Styles go in and out of favor over time, but some seem to stick around longer than others. The question is, can you wear a T-shirt over a long sleeve top?
T-shirts can be worn over long-sleeve tops as long as the T-shirt is large enough to accommodate it. While the look was more popular in the ’90s, it’s still a layered combination that can work well when the colors contrast each other nicely.
Although that’s the short answer, you’ll need more.
Here are some essential tips for making sure the combination never looks awkward or out of place.
Let’s get to it.
1. Make Sure It’s Appropriate
Wearing a T-shirt over a long sleeve top is a truly casual aesthetic. It should never be worn to settings that don’t fall firmly into the casual category.
It looks similar to this (illustration from an Amazon product):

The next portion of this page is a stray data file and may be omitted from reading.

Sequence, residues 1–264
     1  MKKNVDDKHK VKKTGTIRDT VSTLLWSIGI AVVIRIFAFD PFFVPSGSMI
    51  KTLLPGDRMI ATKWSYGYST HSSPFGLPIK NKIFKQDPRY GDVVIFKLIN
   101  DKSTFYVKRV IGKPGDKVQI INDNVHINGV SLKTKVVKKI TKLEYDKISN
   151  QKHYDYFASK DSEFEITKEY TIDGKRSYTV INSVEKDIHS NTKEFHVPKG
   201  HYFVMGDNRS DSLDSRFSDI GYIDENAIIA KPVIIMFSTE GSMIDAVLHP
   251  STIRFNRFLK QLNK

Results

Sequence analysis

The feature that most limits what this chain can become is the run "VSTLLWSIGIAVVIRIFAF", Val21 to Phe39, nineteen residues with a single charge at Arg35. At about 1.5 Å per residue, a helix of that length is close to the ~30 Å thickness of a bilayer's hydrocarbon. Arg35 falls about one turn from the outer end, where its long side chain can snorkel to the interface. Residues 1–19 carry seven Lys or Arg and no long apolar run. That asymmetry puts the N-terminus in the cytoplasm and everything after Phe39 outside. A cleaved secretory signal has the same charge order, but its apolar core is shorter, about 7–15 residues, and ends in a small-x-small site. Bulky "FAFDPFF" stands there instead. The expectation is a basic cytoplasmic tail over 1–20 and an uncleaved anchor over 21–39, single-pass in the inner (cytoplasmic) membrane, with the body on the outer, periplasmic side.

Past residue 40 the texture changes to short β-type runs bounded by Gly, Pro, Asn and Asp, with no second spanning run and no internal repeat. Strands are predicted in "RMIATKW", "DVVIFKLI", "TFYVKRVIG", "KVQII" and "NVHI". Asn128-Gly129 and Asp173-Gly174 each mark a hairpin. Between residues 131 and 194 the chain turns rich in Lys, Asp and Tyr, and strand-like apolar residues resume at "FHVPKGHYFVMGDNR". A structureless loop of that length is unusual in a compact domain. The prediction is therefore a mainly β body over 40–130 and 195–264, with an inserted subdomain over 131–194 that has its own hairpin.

Trying to wear this combination in smarter settings rarely ever works out well.
While it would be absolutely fine to wear when hanging out with friends, going to the movies, or eating at cheap restaurants, don’t wear it when something a little sharper is in order.
The look shouldn’t ever be considered “smart casual”.
When you hear those words, think of polo shirts, Henleys, chinos, and dark denim jackets.
The double-sleeved appearance of a T-shirt over long sleeves just won’t cut it.
Once you’re happy that the combination would work for the setting you’re dressing for, consider the following tips.
2. Choose A T-Shirt A Size Larger
The main trouble with layering items in ways that aren’t exactly “typical” is that it can lead to things looking a little tight and feeling a little uncomfortable.
T-shirts weren’t designed to be worn as outer layers.
Even if the long sleeve top you’re wearing under it was a nice and slim fit, there’s a good chance that one of your regular T-shirts will look and feel too snug over it.
The simplest solution to this would be to simply choose a T-shirt that’s big and roomy enough for the long sleeve top to easily be worn underneath.